I recently had lunch with a student who has been having a very good year. He booked a recurring co-star, two guest stars, and a nice sized role in a studio movie. As we were celebrating his success, I asked him how many auditions he’s had this year. He said between 25 and 30. So, yes, he’s had a great year so far, but there were still about 25 jobs he didn’t book.
Auditioning is a numbers game: the number of jobs you don’t book will always exceed the number you do.
What made this year different is that he’s much sharper at auditioning. What he does now in the room or on tape is connected, free, and interesting, so even though he may not book every role, he’s being brought back again and again by the same casting directors—they’re remembering him.
Make your auditions just as memorable and have the same kind of year in your future.
When I was a talent agent, I remember the times casting would go out of their way to call me about a client. They wouldn’t talk about the details of the audition as much as tell me how much they loved the actor and the fact that he or she was so warm/funny/edgy/charming etc. It sounded like they had gone out to lunch together!
What had actually happened was that the actor had made choices that were so personally identifiable to who they were that the CD didn’t even see them as choices. Instead, they saw them as qualities the actor possessed and was able to use to bring the words on the page to life. They felt like they knew the actor through the work.
On the other hand, there were times I’d call about an actor and the feedback would be “they did good work.” While that’s not terrible, I knew that when I heard the word “work,” the actor probably wouldn’t be somebody they’d remember for too long. CDs see a lot of work but meet few real people, and it’s people who are remembered long after the memory of the work has faded.
So be sure your choices are strongly connected to who you are and truly represent what you have to offer the role, and that they’re delivered with your singular energy. Then you’re on your way to being a person they remember, a person they will being in again and again until they book you.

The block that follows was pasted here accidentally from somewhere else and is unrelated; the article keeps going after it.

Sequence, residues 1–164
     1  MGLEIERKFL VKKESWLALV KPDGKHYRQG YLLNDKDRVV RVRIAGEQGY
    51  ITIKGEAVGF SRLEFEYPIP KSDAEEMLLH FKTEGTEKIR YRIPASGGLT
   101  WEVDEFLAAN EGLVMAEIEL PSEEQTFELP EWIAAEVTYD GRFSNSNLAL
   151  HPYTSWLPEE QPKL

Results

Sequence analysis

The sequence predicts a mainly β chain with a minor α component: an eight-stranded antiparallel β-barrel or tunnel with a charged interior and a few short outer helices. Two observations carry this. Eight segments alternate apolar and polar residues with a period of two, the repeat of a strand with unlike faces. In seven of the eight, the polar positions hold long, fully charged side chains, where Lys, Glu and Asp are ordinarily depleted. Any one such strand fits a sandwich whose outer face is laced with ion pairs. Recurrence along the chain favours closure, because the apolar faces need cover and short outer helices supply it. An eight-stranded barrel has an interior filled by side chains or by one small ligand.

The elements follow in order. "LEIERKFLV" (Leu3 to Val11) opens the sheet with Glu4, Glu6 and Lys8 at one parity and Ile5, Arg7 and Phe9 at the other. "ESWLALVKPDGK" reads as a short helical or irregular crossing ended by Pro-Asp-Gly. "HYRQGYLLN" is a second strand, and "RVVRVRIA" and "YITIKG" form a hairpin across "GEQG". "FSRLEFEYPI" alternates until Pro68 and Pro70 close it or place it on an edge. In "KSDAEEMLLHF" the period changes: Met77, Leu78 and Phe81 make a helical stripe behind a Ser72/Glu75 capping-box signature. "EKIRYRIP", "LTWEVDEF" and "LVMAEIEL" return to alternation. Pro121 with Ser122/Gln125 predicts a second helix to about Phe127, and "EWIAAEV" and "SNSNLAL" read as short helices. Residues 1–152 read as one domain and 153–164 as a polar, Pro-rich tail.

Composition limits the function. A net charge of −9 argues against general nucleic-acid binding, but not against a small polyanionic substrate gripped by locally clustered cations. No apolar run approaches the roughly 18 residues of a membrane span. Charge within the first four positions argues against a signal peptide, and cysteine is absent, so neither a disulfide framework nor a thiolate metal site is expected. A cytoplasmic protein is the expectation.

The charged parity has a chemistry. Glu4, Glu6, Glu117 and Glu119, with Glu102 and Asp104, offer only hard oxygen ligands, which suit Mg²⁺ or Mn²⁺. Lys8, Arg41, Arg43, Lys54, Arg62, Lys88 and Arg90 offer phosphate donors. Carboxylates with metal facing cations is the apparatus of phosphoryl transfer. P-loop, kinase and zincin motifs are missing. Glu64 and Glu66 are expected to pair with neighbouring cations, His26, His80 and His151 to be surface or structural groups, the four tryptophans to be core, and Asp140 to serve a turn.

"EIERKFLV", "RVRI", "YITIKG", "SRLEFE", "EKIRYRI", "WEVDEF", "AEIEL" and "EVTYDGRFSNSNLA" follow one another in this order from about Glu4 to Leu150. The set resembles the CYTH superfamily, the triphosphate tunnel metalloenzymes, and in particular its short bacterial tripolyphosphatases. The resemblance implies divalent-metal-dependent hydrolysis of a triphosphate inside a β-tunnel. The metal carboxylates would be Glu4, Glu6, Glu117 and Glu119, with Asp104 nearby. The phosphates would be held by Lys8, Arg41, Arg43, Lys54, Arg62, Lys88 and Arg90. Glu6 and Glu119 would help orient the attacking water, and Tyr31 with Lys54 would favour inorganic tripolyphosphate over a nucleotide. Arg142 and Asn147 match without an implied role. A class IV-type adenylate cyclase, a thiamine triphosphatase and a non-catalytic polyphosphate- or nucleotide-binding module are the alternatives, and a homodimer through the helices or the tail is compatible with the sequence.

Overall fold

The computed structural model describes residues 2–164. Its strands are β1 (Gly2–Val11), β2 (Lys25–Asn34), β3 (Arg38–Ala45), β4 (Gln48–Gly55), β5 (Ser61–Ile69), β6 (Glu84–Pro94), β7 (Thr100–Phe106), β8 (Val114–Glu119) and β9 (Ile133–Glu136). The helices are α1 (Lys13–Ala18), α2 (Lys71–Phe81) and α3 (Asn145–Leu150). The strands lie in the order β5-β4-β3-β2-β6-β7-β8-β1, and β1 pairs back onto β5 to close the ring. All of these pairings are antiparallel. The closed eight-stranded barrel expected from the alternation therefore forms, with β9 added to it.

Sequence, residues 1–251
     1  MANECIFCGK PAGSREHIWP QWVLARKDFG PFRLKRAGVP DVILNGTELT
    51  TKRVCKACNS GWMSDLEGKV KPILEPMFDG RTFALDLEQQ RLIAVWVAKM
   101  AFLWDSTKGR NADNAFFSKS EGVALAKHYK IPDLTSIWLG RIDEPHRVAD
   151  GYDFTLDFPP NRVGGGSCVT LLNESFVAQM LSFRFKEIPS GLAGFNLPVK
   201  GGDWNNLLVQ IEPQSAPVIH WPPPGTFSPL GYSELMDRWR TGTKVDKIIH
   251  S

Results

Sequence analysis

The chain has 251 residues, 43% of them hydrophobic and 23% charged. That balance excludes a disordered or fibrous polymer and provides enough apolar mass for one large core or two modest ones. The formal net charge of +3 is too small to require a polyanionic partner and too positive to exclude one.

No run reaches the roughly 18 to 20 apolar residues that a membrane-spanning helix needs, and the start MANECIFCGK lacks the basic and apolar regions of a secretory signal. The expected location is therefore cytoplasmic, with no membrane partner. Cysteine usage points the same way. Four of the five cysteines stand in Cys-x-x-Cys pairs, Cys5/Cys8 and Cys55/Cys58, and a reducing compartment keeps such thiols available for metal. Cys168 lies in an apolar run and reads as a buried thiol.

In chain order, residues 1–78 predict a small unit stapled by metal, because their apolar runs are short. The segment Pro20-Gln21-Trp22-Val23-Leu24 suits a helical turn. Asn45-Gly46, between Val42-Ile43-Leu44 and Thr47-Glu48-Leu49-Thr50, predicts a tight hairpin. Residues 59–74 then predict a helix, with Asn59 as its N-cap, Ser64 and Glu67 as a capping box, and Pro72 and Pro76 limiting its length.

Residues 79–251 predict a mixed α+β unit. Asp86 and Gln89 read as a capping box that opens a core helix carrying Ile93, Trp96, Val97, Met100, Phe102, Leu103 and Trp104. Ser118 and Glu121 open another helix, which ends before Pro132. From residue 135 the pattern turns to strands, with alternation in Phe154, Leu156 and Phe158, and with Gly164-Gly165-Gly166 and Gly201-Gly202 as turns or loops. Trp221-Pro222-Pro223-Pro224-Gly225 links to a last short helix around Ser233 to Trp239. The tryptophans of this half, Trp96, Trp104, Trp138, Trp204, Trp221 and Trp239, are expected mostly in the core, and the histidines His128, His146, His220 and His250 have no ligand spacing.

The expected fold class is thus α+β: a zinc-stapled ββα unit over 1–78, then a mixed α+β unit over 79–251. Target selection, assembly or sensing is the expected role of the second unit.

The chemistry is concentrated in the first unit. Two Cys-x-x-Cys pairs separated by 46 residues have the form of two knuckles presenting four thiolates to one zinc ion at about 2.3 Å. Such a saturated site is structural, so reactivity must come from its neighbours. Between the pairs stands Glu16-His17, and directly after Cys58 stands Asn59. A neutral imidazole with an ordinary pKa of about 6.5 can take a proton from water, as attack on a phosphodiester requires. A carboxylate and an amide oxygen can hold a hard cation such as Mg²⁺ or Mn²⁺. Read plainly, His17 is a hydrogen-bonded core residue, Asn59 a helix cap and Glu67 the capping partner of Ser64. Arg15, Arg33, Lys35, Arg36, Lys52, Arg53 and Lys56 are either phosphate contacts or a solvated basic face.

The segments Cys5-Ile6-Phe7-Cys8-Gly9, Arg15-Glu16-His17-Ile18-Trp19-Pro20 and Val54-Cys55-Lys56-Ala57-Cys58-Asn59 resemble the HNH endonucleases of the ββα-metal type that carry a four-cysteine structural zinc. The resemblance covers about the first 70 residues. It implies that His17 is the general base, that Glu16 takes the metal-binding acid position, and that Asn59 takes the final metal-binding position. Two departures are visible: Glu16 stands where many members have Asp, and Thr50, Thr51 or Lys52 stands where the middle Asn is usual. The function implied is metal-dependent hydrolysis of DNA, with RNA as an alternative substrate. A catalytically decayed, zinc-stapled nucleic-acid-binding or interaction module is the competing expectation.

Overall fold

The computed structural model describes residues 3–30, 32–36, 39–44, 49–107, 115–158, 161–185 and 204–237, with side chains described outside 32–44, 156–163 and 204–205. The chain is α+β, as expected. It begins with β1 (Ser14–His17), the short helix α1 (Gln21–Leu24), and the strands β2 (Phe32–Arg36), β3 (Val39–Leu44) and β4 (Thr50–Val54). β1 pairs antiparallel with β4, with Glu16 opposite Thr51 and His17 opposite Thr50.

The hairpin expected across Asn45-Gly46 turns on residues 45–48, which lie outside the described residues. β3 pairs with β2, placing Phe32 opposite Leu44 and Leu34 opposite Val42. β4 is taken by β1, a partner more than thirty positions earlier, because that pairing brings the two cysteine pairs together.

Another trait of the actor who gets remembered is that they’re able to establish a strong and confident presence during their time in the room. They are excited to be there and share the results of their work. They’re generous and give it everything they’ve got. These memorable actors aren’t seeking approval or trying to please; they know that what they have to offer is unique to them and if they don’t book this time, they will in the near future.
Actors who are remembered don’t believe they’re separate from the people in the room, but rather feel as if they belong with the people in the room. They lift the energy of the room for the short time that they’re there and everyone feels a little better because of their presence.
Every audition you have is an investment in the future of your relationship with each casting director you meet. In one of my classes, the criteria for the work isn’t simply “did you get a call back” or “did you get the job.” It’s “would the people watching that audition remember you in six months?” Considering the importance of being remembered so that you’re on as many CD’s radars as possible. This will naturally raise the bar on the way you prepare and deliver.
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and do not necessarily reflect the opinions of Backstage or its staff.